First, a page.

[News] Prior to iPhone15 Launch, Haitong Securities Lowers Shipment Estimate

According to a report by Taiwan’s Commercial Times, China’s Haitong Securities has taken the lead in reducing shipment expectations before Apple’s upcoming new product launch next month. The company has lowered the shipment forecast from the initial 83 million units to 77 million units, marking a decrease of 6 million units.

Industry experts point out that lackluster demand in the end market and challenges in the manufacturing process are the main reasons behind the market’s growing skepticism towards iPhone 15 shipment numbers.

Haitong Securities indicates that Apple’s iPhone 15 shipment volume could be revised down to 77 million units. This is primarily due to lower-than-expected yield rates for the CMOS image sensors (CIS) provided by Sony for the periscope lenses. The production bottleneck for iPhone 15 and Plus models is Sony’s 3-layer CIS structure (PD/TX + pixel + ISP), leading to subpar production yields.

Industry experts also mention that the high difficulty in producing the titanium metal frame is attributed to the differing coefficients of thermal expansion between titanium and aluminum. However, this issue can be managed by increasing Foxconn’s production capacity.

The LIPO (Low Injection Pressure Overmolding) screen, on the other hand, faces low yield rates from LG and will need Samsung’s support. Nonetheless, the supply situation for these two components should reach a controlled stage.

Industry sources believe that delays in production for iPhone 15 stem from Sony’s lens sensors, the new titanium alloy frame, and the 1.55mm narrow border screen. However, the primary reason for Apple’s adjustment of iPhone 15’s sales target remains concerns over demand. Both the iPhone 15 Pro and iPhone 15 Pro Max are expected to come with higher price tags, potentially dampening consumer willingness to purchase. The decision to trim production plans prior to the new phone’s release warrants close attention to whether it garners consumer acceptance after hitting the market.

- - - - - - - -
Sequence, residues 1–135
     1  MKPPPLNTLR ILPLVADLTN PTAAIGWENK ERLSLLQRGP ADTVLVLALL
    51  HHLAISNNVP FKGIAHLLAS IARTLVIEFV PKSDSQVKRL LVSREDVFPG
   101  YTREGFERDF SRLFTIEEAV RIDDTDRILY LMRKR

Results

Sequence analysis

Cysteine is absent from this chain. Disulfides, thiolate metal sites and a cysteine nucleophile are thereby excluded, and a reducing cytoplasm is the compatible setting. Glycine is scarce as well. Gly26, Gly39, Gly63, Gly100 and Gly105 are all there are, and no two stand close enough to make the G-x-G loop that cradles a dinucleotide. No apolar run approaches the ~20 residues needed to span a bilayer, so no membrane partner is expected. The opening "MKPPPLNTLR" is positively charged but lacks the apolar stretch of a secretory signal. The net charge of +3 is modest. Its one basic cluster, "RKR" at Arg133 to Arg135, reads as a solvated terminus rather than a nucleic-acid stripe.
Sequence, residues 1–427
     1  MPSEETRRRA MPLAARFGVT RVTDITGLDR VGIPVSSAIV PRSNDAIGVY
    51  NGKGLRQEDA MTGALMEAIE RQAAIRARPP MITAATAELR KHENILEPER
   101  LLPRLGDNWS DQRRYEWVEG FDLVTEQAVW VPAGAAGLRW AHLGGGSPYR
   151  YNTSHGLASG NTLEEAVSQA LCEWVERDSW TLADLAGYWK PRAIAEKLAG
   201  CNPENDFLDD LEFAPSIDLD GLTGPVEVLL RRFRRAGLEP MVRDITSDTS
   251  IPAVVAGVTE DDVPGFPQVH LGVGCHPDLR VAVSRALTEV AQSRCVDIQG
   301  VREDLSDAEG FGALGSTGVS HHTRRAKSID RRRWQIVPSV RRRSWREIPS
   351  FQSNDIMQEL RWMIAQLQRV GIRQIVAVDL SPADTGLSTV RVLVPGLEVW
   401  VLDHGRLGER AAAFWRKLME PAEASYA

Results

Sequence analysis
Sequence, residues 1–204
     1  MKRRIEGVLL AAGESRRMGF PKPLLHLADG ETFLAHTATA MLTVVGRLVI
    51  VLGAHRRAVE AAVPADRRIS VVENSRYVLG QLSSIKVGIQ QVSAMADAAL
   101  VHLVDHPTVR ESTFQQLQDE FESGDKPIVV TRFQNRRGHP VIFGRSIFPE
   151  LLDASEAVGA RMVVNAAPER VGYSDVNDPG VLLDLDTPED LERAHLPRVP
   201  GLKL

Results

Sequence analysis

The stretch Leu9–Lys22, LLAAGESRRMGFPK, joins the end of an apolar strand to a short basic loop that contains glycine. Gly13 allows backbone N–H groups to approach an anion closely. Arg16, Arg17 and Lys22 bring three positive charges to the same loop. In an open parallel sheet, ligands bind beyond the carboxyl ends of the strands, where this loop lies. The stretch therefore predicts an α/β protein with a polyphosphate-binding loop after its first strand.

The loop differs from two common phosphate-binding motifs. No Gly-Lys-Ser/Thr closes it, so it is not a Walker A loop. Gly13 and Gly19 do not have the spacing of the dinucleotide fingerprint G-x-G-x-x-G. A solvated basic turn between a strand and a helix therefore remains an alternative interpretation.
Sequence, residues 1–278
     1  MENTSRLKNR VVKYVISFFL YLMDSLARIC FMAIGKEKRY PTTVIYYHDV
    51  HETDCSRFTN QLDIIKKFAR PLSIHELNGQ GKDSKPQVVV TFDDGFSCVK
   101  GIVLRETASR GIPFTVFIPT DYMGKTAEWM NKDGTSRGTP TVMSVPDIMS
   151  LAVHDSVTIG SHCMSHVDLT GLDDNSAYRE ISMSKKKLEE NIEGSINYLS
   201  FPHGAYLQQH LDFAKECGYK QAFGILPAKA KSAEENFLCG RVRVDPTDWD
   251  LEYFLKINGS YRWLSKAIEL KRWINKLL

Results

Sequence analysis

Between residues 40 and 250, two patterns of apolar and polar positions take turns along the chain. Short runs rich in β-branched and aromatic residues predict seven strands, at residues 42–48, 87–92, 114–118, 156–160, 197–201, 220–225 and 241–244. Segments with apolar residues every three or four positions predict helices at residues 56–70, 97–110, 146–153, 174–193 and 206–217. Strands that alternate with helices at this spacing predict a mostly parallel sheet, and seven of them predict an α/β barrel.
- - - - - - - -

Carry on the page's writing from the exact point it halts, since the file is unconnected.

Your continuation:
[News] Sony Hints at Modest Demand for iPhone 15

Sony, a major supplier of Apple’s camera sensors, suggests weaker demand for the upcoming iPhone 15 due to a lackluster year for Apple’s iPhone sales. Economic challenges have affected iPhone sales, though service revenues have offset losses. The flagship iPhone 15 series is scheduled for a September release.

Sony the world’s largest sensor supplier, had previously projected a gradual recovery in its smartphone imaging and sensing business by the second half of 2023. However, during its latest earnings call, the company revealed that this recovery might not take shape until 2024, mainly attributing the delay to underwhelming sales in the Chinese market.

Sadahiko Hayakawa, Sony’s Senior General Manager of Finance, stated, “The recovery pace of the Chinese smartphone market has been slower than our expectations, and the situation in the US market is worsening. We originally anticipated the smartphone market to recover starting from the second half of this fiscal year, but our current assessment suggests that it might not happen until at least next year.”

Sony’s top brass attribute a cautious outlook to a sluggish global economy and geopolitical uncertainties, hinting at muted demand for the iPhone 15 series. This stance resonates with analyst Ming-Chi Kuo view at TFI Securities, forecasting that iPhone 15 might struggle to surpass iPhone 14 sales records, posing challenges to Apple’s suppliers in H2 2023.

Apple reported a 2.4% decline in iPhone sales for its third fiscal quarter, reaching $39.7 billion, slightly below analyst estimates of $39.9 billion. The US region saw a 5.6% year-on-year drop in sales, highlighting a performance that falls short of expectations.